Andrew Grice: How the Chancellor pulled off the 50p tax cut

George Osborne's judgement was that it was 'now or never' to cut the top rate

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Only a month ago, most Conservative MPs did not believe that George Osborne would dare to cut the 50p top rate of tax. It might be right to scrap the rate introduced by the Brown government in 2010 on the grounds that it was bringing in less than expected. But the politics of a tax cut for the top 1 per cent with incomes over £150,000 a year were lousy.

A relatively small number of Tory right-wingers, including John Redwood, David Ruffley and David Davis, were lobbying for an end to the 50p band but they didn't really expect to win. More than 500 business-owners and entrepreneurs wrote a letter to the Daily Telegraph. The business world also funded an effective "scrap the 50p tax" campaign. But early action still looked unlikely. "We were going through the motions," one Tory MP admitted.

The game changed when Vince Cable suggested in a BBC Radio interview that his party would allow the 50p rate to be cut if the Tories introduced a mansion tax on homes worth more than £2m.

Mr Osborne sensed an opportunity. He believed the top rate, higher than many competitors, deterred entrepreneurs and sent a signal that the UK was anti-business. "His judgement was that it was 'now or never'," one Tory source said yesterday.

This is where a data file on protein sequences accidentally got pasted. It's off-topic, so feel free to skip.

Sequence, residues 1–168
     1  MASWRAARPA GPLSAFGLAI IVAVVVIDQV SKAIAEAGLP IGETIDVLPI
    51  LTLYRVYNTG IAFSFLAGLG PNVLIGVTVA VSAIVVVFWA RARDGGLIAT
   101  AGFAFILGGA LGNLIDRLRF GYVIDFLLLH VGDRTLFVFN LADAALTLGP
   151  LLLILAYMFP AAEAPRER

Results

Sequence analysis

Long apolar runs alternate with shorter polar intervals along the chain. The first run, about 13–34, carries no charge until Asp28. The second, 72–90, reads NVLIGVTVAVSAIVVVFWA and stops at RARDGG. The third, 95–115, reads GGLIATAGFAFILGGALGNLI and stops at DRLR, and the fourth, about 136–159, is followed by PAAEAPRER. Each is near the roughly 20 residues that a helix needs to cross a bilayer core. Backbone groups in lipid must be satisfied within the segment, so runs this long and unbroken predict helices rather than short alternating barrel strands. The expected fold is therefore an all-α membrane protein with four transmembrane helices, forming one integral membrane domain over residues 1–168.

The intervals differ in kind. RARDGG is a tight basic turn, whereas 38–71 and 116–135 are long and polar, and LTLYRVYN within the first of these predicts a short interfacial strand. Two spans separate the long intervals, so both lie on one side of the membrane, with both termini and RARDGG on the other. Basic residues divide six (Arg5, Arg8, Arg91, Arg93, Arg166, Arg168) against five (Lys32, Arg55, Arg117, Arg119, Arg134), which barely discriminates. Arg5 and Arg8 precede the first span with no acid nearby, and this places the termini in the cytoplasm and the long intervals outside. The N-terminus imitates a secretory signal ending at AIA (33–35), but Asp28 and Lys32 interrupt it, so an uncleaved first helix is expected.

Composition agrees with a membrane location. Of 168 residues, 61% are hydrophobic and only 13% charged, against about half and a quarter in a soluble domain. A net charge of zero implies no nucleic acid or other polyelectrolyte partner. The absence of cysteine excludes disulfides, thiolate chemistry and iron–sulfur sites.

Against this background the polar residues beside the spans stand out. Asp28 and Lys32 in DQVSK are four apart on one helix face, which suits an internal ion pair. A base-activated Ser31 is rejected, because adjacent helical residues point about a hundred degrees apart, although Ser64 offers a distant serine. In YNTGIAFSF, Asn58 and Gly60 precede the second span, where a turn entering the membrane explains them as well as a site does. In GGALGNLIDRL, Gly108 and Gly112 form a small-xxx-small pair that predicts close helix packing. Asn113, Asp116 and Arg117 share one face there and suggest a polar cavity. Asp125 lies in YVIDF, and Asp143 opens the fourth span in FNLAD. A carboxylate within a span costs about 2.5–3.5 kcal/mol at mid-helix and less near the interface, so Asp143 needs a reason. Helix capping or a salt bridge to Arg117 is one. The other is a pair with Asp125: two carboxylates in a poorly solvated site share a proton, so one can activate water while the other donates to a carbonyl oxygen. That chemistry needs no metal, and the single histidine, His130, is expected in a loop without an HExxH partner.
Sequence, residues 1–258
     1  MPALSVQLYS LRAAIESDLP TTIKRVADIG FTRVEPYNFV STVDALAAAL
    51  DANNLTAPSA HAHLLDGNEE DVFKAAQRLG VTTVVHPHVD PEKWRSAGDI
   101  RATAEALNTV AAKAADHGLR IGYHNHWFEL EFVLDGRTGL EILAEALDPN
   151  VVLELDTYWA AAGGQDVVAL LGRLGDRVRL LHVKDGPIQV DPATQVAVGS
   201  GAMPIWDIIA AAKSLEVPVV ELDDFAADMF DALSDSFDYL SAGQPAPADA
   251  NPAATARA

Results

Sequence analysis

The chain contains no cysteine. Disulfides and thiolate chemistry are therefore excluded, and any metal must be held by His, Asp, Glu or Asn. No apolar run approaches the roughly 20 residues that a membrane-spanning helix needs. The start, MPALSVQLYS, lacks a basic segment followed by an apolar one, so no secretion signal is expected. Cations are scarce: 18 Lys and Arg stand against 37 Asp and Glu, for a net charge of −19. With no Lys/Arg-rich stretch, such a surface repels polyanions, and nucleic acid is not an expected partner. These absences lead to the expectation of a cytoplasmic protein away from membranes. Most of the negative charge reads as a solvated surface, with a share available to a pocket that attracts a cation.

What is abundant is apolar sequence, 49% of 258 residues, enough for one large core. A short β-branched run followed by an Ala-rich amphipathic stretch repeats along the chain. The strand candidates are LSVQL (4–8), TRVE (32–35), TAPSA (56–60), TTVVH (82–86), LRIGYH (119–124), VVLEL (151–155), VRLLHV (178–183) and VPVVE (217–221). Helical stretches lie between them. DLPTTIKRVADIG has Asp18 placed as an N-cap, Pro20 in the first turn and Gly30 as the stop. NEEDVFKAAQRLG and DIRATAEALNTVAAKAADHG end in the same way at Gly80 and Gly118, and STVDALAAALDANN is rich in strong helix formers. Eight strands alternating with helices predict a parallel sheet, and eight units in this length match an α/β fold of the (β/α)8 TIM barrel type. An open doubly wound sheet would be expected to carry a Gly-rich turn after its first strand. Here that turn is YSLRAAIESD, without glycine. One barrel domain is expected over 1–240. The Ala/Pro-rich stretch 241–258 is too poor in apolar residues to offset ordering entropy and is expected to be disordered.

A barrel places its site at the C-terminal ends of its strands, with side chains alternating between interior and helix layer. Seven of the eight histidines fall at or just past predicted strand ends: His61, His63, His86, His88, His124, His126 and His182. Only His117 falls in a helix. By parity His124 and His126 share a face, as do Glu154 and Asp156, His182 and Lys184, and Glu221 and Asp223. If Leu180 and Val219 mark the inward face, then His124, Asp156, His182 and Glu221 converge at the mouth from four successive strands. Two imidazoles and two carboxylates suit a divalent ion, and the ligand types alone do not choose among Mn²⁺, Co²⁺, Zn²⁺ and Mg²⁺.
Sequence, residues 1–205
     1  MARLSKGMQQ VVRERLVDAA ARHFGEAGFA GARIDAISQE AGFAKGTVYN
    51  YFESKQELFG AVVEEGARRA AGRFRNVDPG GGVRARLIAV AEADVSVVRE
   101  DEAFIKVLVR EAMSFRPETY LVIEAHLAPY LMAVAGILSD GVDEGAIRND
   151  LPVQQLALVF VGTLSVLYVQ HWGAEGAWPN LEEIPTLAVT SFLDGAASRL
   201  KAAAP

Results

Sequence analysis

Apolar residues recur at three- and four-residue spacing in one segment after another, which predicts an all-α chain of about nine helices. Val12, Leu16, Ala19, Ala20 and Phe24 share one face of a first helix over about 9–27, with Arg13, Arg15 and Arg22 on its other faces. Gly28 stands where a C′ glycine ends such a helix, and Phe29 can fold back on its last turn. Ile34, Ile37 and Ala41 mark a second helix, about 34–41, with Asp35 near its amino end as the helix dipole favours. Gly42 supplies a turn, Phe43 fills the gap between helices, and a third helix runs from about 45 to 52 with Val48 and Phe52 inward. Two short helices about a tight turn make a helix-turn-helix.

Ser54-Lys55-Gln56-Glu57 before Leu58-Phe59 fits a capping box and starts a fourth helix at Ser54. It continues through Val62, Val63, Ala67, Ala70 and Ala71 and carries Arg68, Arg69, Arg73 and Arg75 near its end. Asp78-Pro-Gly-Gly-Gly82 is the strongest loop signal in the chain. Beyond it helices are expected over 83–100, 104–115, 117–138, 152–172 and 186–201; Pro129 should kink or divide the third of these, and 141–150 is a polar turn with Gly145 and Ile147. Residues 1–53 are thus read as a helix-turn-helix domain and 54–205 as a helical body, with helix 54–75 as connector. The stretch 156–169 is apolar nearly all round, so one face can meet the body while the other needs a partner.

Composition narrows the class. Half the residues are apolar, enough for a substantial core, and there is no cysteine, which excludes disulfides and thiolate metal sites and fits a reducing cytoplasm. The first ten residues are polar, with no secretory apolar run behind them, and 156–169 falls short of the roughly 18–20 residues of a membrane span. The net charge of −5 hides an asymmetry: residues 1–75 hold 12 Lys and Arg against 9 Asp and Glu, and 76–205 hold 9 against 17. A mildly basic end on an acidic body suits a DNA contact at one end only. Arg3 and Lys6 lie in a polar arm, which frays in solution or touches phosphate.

His resolve is believed to have been hardened when he received predictions from HM Revenue & Customs on what the 50p rate raised in its first financial year, 2010-11. It is likely to be hundreds of millions rather than the £1.3bn forecast.

The Chancellor's plan was a surprise to the three other members of "the Quad," the Coalition's power group, where the key Budget trade-offs were negotiated – Mr Osborne, David Cameron, Nick Clegg and Danny Alexander. Initially, Mr Osborne looked isolated.

The Chancellor made clear he would like to abolish the top rate entirely – meaning that someone with an income of £150,000 would pay the higher 40p rate which starts to bite on incomes `of about £43,000. Mr Clegg balked – and the Quad agreed that it would be safer to cut the top rate to 45p.

The Liberal Democrats extracted two prices. Number one was "further and faster" progress towards a £10,000 a year personal tax-free allowance. This will rise to £8,105 next month and Mr Osborne is today expected to announce that it will increase to about £9,000 in April next year. Mr Clegg also demanded that the Coalition would raise more from the rich in wealth taxes than the revenue they would lose from lowering the top rate. Mr Cameron vetoed a mansion tax. Eventually, Mr Clegg accepted a package of wealth taxes.

He is well aware that Mr Osborne will have a hard sell. Labour can hardly believe its luck, thinking that the Chancellor is walking into a trap left behind by Gordon Brown. But Mr Osborne is doing so with his eyes open, to set a trap for Labour: will it promise to restore the 50p if it wins the next election? I doubt Labour will answer.

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